I was recently excited to learn that CS Odessa has released an app in its Solution Park called Note Exchange that enables users of ConceptDraw MINDMAP program to send part or all of their mind maps to Evernote – my favorite writing platform and personal information capture tool. Unfortunately, it fell short of my expectations.
Here’s what the product page promised:
“When sending your mind map to Evernote, you can decide to upload a single, or multiple topic(s), an entire branch or branches (topics with subtopics), a whole single page mind map, or the entire file for multi-page documents. The map is sent as an image via email, which you can then access from any computer or mobile device.
“You can use the Evernote solution as a daily planner, sending day-to-day tasks from your mind map to Evernote. Thanks to the Note Exchange solution, your to-do mind maps are always with you — you can upload a whole map, or specific parts relating to a certain person, task or meeting — and you can access this information instantly, wherever you are.”
So I downloaded Note Exchange using CS Odessa’s Solution Browser software (which also updated my copy of ConceptDraw MINDMAP to the latest version), installed it and tried it out. It sounded too good to be true. It was.
I expected that the two programs would do this by communicating directly with each other. It turns out that it handles these transfers via your personal Evernote address. It’s not an elegant solution, but I guess I can live with it – if it works correctly.
The new Evernote toolbar button gives you four options:
- Send topic text
- Send branch text
- Send map
- Send document
I will now show you what Note Exchange does with each option, and explain where it fell short, in my estimation:
Send topic text: It does exactly what it says it will do. It grabs the text from the currently-selected topic and deposits it in an e-mail message. When it gets to Evernote, a new topic is created with that word or words inserted.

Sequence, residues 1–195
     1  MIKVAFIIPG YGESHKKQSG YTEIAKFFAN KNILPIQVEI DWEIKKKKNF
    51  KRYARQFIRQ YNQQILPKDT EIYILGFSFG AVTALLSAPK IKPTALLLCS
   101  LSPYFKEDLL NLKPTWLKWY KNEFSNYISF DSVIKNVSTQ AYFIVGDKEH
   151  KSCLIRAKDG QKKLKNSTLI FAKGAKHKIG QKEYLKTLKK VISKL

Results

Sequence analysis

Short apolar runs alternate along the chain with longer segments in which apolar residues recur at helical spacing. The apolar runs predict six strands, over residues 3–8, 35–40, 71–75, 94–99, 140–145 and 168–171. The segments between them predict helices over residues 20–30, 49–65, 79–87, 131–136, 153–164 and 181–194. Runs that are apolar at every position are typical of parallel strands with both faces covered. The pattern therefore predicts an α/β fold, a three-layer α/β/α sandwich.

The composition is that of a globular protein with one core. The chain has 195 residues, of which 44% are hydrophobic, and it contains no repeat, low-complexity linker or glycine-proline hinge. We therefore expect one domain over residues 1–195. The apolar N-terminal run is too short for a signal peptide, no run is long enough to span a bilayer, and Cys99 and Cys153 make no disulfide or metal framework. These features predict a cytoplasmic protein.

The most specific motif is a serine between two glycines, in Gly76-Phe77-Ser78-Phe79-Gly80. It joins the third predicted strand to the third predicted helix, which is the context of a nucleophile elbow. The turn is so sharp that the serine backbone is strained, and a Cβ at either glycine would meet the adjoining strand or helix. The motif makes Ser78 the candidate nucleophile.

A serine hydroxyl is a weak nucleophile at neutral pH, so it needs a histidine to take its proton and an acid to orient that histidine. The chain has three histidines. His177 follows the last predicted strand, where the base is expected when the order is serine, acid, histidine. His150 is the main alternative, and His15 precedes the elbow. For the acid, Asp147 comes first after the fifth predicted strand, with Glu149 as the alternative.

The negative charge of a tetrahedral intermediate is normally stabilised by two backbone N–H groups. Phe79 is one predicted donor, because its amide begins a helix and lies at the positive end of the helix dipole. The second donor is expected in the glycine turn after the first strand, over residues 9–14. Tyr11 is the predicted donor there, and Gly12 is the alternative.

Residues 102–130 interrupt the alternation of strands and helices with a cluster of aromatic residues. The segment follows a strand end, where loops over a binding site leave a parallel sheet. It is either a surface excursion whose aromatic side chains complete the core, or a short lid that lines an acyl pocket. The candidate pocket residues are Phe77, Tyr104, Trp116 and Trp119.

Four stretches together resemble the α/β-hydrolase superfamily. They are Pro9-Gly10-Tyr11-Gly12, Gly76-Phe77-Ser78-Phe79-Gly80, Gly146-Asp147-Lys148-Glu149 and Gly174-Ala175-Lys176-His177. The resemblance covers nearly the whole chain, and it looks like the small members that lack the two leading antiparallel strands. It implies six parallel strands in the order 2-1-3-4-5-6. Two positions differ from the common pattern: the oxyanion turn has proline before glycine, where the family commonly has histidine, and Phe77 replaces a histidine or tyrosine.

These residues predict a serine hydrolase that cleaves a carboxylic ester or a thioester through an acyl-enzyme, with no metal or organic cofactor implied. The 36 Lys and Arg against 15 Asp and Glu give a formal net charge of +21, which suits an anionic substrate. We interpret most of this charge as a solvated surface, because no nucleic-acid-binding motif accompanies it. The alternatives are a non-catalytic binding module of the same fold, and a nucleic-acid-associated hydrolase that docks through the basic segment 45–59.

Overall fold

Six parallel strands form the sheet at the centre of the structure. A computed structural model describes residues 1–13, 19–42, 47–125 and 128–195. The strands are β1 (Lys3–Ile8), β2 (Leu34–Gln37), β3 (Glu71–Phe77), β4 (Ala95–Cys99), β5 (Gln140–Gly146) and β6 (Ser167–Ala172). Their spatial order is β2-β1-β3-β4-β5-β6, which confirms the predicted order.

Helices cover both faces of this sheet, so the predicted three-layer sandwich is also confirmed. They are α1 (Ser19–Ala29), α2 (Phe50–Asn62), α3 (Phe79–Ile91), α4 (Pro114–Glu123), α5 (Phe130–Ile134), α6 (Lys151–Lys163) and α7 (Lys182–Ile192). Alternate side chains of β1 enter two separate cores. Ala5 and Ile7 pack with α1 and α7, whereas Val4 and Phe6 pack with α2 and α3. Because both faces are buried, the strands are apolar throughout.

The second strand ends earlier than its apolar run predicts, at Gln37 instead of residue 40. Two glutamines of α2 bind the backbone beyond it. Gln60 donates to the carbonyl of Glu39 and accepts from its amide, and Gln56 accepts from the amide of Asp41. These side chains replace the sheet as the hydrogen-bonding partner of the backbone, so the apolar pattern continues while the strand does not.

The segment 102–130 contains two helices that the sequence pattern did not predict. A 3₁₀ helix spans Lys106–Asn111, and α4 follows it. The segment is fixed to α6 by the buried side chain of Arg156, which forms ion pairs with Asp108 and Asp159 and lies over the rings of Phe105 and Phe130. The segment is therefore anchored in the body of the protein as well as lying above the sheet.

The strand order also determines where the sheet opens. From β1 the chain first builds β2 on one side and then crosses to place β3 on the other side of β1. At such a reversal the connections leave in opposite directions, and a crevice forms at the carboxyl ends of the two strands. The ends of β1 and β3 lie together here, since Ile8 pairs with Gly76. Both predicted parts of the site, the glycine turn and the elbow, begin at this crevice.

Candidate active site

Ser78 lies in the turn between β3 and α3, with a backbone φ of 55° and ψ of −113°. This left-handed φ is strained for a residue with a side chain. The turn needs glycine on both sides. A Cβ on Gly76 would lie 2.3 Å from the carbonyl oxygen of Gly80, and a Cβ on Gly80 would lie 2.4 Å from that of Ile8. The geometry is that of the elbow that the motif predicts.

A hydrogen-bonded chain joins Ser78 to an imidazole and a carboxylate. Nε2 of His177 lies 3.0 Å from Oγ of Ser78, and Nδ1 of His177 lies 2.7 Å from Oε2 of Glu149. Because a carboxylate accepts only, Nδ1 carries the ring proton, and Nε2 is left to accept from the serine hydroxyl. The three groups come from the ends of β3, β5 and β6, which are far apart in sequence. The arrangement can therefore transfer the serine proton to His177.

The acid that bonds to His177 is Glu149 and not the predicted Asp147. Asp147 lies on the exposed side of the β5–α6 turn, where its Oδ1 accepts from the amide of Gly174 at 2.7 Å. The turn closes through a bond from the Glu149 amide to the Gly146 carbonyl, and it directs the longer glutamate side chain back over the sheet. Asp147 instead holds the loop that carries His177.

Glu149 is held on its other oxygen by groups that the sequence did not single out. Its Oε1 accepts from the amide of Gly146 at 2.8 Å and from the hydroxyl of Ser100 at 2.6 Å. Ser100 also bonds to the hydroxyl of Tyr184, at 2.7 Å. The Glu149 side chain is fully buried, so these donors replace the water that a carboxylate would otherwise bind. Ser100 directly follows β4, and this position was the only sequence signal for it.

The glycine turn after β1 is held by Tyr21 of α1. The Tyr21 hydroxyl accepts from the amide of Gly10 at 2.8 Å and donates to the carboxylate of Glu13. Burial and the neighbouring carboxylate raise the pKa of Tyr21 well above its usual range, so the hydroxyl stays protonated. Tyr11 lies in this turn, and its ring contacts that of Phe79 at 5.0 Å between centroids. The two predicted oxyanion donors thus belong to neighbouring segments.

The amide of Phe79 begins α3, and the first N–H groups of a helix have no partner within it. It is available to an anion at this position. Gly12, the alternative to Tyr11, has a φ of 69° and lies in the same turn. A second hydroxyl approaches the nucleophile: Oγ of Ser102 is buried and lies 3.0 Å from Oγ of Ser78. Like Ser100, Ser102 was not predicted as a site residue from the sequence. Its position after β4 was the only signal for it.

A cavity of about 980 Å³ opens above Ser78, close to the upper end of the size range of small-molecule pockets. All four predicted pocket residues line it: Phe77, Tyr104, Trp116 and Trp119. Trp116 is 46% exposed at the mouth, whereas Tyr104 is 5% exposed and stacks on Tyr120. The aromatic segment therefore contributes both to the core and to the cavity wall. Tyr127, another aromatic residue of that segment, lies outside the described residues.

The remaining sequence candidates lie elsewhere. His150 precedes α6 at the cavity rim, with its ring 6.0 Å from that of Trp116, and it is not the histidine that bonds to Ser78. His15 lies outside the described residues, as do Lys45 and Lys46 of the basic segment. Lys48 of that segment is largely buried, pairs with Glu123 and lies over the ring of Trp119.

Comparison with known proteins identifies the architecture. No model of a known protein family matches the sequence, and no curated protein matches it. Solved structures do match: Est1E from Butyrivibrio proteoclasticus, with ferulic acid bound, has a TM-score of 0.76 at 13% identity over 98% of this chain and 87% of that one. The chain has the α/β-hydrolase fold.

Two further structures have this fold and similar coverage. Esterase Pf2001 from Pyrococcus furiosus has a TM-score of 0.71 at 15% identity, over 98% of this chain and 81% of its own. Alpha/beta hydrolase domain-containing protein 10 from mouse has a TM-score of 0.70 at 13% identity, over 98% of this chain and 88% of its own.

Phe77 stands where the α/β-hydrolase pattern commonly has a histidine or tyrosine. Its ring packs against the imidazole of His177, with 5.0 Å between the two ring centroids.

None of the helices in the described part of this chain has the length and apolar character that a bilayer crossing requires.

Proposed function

Send branch text: This works the same as “send topic text,” except it displays an indented outline consisting of the top-level topic and any sub-topics within that branch.
Send map: As you can see from the screen capture, Note Exchange creates an indented hierarchy of all of the text contained in the mind map, and also generates a PNG image file that presumably Evernote is supposed to store. Only that didn’t happen. Evernote ignored the PNG file. This was a real disappointment to me, because mind maps are inherently visual creations, of course. And Evernote has steadily improved to handle many types of data, including images. MindManager 12 debuted this type of export to Evernote feature a year ago and it works as expected; that’s the gold standard that Note Exchange must measure up to, in my opinion.
Send document: How is this different than send map? It does everything that send map does, plus it inserts both a PNG image of your mind map plus a copy of the .cdmz ConceptDraw MINDMAP native file – both of which Evernote ignores.
I did view the data sent to Evernote both within its desktop version for Windows as well as the “cloud” version of it. So even if my desktop software wasn’t quite up to date, the cloud version is. And, as I said, I upgraded to the latest version of ConceptDraw MINDMAP before testing Note Exchange.
Why announce new capabilities if they don’t work correctly – or before they have been thoroughly beta tested by numerous customers?
Let’s hope that CS Odessa corrects these problems soon, because the idea of integrating mind map content with a powerful personal information management tool like Evernote is a great one!